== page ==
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January 20, 2014

Working for Large Computer Companies No Safe Haven as Intel, HP Plan Massive Layoffs

There’s apparently a new Moore’s Law for up to 5 percent of Intel (News - Alert) workers – you’re fired!

This stunner comes on top of last’s month’s revelation that HP will shell some 5,000 employees, continuing HPs recent legacy of shedding thousands of workers.

So is Intel in a free fall? To the contrary. Its business this year is expected to be flat, and not decline.

The layoff came during the chip maker’s fourth quarter earnings report where it said the PC market is now stabilizing and that its profit was actually up 6 percent quarter over quarter, little solace to those on the losing end of a pink slip. Especially since profits in that quarter alone were $2.6 billion, which can pay for more than a few workers.

That is no stopping the planned bleeding. “Intel will be aligning resources to meet the needs of the business this year,” Intel said. “This will include targeted workforce reduction in addition to realignment of resources.”

On the positive front, workers do leave or retire, and Intel puts attrition at some 4 percent annually. If the reductions are spread across the entire year, they could be far less than 5 percent. But if they show up early this year, attrition won’t do much to save jobs.

And there is no guarantee that attribution would reduce the layoffs, as Intel could use both as a way to save money.

In its more recent report, Intel had some 108,000 workers so a bit more than 5,000 jobs may be in jeopardy, almost identical to the number HP plans to cut loose.

 “From time to time we change organizational priorities and this can lead to the need for different skill sets within various organizations,” Intel said. “It can also mean that we reprioritize certain activities which can lead to movement of the work force from areas with little or slow growth to areas of growth as well as new businesses.”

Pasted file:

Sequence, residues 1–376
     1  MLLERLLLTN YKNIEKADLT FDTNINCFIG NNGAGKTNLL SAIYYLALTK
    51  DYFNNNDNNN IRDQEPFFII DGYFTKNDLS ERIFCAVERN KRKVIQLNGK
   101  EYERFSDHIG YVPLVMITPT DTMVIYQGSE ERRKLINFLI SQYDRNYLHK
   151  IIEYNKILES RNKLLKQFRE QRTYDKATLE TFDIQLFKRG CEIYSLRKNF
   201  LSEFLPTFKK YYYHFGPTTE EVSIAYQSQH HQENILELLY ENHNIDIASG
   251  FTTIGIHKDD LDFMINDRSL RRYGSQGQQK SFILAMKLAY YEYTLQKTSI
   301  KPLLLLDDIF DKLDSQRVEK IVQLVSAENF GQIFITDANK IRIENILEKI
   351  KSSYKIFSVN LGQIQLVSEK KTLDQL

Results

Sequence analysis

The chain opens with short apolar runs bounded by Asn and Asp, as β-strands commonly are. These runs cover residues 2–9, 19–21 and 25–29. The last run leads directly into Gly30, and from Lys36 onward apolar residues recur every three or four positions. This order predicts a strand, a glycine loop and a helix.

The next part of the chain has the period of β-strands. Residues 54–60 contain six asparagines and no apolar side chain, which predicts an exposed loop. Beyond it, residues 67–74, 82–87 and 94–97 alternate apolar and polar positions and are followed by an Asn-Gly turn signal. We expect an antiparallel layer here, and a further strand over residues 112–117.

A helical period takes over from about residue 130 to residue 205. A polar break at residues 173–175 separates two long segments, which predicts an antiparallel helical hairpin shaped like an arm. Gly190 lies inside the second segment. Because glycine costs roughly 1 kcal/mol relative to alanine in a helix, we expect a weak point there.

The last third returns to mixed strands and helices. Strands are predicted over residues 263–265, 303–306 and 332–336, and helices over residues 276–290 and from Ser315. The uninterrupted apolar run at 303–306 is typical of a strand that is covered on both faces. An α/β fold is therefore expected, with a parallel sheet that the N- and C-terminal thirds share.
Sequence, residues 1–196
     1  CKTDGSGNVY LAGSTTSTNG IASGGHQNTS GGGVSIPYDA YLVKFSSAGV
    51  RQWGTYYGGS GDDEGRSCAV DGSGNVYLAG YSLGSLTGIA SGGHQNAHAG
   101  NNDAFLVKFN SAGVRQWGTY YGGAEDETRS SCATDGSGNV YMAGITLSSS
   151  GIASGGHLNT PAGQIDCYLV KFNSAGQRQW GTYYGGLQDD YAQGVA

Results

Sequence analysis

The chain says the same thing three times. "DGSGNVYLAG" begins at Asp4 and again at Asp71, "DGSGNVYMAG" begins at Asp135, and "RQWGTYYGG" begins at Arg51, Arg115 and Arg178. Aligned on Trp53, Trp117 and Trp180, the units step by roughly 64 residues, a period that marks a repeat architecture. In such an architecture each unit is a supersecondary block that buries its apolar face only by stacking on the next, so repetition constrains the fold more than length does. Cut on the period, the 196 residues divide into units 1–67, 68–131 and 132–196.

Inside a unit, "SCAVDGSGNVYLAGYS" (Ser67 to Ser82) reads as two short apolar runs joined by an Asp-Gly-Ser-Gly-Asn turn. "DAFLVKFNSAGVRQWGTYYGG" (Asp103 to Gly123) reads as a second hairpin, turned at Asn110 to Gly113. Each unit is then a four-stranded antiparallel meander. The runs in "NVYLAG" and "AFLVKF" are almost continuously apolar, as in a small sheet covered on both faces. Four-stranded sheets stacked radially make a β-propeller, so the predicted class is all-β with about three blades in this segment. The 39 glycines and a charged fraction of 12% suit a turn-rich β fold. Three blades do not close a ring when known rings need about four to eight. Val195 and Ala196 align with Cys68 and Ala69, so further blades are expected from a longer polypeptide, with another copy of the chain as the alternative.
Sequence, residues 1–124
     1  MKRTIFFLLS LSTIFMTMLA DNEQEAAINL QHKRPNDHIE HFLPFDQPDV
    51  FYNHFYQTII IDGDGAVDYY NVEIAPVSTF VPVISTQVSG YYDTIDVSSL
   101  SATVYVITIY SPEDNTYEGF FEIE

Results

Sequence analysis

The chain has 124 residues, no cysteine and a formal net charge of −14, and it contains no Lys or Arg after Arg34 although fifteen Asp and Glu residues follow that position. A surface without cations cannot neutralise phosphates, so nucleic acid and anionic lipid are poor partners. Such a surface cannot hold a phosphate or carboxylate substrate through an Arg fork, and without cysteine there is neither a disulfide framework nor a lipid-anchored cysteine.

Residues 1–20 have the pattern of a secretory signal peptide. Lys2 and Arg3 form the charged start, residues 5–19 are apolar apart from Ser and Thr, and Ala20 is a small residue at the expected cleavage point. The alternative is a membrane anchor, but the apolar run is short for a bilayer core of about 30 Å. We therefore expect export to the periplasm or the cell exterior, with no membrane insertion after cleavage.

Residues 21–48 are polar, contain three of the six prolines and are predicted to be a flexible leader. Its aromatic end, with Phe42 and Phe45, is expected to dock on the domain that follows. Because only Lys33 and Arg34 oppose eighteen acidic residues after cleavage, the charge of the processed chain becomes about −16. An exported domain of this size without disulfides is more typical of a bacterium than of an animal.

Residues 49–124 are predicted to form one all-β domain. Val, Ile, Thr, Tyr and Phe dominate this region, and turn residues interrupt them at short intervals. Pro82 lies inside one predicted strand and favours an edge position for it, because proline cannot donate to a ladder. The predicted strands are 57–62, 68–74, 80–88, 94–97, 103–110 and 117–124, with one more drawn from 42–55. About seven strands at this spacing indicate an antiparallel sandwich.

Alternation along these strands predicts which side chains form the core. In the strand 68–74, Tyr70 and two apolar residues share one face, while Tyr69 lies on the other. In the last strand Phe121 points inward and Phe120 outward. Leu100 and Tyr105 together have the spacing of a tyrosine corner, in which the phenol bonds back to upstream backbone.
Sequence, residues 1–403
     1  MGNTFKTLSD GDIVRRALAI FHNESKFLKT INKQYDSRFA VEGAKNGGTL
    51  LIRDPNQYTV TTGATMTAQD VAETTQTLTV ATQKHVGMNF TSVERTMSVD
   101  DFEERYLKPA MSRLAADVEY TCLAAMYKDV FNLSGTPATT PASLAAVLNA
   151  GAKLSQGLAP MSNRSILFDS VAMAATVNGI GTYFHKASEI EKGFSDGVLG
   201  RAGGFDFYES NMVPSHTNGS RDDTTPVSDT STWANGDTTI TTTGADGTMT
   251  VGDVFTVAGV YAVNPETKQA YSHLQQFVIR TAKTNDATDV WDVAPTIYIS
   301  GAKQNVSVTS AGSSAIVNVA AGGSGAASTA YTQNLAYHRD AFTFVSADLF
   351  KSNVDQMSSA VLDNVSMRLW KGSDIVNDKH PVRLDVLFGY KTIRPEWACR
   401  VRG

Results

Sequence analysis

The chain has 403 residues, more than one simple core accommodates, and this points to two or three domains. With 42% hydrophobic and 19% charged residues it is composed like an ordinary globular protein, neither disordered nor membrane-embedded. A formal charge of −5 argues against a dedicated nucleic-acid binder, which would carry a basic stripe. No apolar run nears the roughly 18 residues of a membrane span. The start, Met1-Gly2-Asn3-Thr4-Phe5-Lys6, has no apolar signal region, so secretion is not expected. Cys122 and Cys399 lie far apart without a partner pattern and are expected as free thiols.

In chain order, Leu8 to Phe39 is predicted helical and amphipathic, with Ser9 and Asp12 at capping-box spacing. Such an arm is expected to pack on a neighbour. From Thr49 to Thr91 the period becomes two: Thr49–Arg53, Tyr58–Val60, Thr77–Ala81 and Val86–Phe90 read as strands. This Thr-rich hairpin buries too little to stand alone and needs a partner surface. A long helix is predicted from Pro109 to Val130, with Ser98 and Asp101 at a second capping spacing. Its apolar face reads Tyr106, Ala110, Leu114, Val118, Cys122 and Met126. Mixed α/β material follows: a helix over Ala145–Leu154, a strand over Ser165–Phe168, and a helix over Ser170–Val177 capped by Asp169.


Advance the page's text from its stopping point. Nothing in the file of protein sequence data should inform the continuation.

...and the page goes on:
HP News Just as Bad

In a recent SEC (News - Alert) filing HP said this year it will lay off some 5,000 workers, meaning HP overall will have shed 34,000 people.

“Due to continued market and business pressures, as of October 31, 2013, HP expects to eliminate an additional 15 percent of those 29,000 positions, or a total of approximately 34,000 positions, and to record an additional 15 percent of that $3.6 billion in total costs, or approximately $4.1 billion in aggregate charges. HP expects to record these charges through the end of HP’s 2014 fiscal year as the accounting recognition,” HP said.

HP is a fine company with many terrific technologies. But now it has to find a new central meaning for its existence. IBM (News - Alert) is mostly a services company, and Dell is still a go-to company data center infrastructure. However, neither of these outfits is guaranteed to return to their glory days.

While the layoffs will surely rub employees the wrong way, many will be alarmed by reports that workers in India will be largely spared. In an interview last year, HP CEO Meg Whitman said of India “We not only have all our business units here, but also our R&D and back office.”

Not all big computer companies survive. Look at Sun Microsystems (News - Alert) whose technology is largely lost in the Oracle portfolio.

Edited by Cassandra Tucker

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